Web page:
Friday, September 5, 2008

Pro-life stance - can it be that bad?

Well, after the dizzy coverage of the election this past week, with the Republican convention and the media circling around Sarah Palin, there has been alot of hard core issues that have been brought up. First and for most, abortion. Obama's campaign started running a radio ad this week with a Planned Parenthood nurse saying that McCain is going to end all abortions because he favors pro-life issues. I guess trying to put the fear in all women that the "option" will be taken away from them if he is elected. Of course, Sarah Palin is very staunch in her stand against abortion, living it in her own life with a baby with down syndrome and a pregnant teenage daughter. I guess the liberal's are mostly attacking her for the "choice" she made for her and her family. Yet I read an amazing statistic this week, that 90% of abortions, or at least 90% of the conceptions that were aborted, were from the mother who chose not to raise a child with down sydrome. With statistics like this,it make me wonder where we are taking this abortion issue, in trying to make a super human race by getting rid of the not so perfect one early.

I know with my personal experience, with being pregnant in my 30's the chance of having a down syndrome child increases. During my last pregnancy, I remember my OB offering me in my first trimester the option of genetic testing, and he said that he felt obligated to tell us that we do have the option to end the pregnancy if the tests came back less than favorable. Both my husband and I said "No" It was not an option for us. We wanted to raise whatever child God blessed us with, because the road to get there was not easy (trying for nearly 3 year to conceive our first was hard enough)and going at it again for another would not be an easy road at all. So, we did not get the testing done and put it at the will of God on the outcome. We were blessed with a healthy baby girl without complications.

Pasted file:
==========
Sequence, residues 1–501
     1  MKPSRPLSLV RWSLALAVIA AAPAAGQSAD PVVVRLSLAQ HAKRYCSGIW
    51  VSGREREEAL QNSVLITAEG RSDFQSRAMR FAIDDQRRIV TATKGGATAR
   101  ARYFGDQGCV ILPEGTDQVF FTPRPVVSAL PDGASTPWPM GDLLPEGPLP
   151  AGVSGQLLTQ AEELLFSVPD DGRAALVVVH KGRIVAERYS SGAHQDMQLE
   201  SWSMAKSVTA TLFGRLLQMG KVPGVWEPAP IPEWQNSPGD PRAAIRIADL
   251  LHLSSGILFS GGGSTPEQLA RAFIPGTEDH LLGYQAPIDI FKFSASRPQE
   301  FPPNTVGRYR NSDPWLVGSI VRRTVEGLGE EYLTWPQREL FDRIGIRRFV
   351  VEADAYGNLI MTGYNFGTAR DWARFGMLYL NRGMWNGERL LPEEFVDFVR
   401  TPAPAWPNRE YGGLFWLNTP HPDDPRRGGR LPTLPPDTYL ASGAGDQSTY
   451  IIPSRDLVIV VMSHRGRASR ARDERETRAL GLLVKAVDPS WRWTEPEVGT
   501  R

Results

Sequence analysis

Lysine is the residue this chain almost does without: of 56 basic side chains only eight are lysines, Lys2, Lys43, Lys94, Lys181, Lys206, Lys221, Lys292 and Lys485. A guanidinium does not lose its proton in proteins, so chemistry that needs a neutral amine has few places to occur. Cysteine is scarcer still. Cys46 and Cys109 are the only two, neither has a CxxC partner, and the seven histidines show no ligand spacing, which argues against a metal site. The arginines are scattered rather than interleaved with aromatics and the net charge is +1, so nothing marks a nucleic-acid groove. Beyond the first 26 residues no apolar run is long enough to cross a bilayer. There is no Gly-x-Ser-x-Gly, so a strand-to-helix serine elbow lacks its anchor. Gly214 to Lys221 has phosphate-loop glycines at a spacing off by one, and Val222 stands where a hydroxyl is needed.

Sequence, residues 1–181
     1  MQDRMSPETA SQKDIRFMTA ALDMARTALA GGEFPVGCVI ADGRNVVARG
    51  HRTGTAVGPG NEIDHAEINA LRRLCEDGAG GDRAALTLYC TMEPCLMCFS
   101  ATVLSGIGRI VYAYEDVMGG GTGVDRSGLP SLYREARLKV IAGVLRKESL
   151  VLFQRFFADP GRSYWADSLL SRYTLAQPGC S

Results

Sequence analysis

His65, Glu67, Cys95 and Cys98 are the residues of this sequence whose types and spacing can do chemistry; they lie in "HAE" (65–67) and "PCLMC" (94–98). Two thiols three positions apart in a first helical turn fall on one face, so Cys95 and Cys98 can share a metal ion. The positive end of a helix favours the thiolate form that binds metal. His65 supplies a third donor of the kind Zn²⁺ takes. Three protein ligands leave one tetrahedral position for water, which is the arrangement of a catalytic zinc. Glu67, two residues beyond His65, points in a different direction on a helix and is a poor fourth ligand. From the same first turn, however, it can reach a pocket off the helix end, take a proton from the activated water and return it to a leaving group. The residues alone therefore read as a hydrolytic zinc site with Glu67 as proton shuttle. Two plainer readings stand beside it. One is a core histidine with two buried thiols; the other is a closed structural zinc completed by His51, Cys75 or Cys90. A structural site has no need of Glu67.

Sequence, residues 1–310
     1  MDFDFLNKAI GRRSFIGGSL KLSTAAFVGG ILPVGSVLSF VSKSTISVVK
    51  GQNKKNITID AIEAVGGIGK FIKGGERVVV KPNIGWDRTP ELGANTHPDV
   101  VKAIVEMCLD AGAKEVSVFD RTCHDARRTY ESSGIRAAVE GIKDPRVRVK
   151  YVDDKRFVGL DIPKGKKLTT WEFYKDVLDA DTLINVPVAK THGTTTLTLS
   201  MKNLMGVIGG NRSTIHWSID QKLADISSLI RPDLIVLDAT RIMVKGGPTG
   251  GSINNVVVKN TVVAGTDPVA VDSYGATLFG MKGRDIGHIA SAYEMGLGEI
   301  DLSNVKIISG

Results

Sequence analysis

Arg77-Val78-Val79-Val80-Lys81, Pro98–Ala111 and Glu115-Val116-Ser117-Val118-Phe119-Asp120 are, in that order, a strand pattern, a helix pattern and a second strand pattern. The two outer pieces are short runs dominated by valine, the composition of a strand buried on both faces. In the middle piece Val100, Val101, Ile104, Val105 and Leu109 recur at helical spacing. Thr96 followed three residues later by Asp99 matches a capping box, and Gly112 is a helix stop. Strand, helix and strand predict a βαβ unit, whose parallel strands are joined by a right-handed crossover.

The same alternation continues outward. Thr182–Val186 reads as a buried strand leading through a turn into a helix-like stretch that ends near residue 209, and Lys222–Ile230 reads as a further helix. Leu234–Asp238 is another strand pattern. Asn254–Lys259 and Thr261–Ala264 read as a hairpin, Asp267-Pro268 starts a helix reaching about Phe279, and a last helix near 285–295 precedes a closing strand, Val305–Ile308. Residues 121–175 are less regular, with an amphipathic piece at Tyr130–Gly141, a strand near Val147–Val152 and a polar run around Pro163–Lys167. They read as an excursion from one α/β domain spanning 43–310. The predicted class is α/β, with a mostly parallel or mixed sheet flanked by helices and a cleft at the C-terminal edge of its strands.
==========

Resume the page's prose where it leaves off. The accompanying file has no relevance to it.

Thinking about raising a child with special needs has to be an amazing task for the parents. I truly believe that God gives those children to the people who would be able to take care of them. God chose them to raise that child. Unfortuately, 90% of those mothers don't think of it that way. Several years ago, I was listening to an online broadcast of Dallas talkshow. The host, Humble Billy Hayes, has a child with down syndrome and was asked to speak at a convention in Pittsburg for a national association for down syndrome (or something like that). Anyway, he was making a comment about a speech that he heard at this convention about a woman who "chose" to end her pregnancy once she found out she was going to raise a child with special needs. Apparently she had felt it would have been more of a burden on her and the child bring him/her into the world. I remember Humble interjecting his option after this- and I am paraphrasing - How can she say this child could have been a burden? My child has taught me more that I have him. He has taught me patience, and he is actually the one who has stopped and smell the roses. Well, I remember bawling when I was listening. And alot of his listeners in Dallas were calling in crying too. If there is a way to find this telecast from 1999, I will see if I can so I could post it on my blog. But, needless to say, children with special needs should never be thought of as burdens, but blessings.

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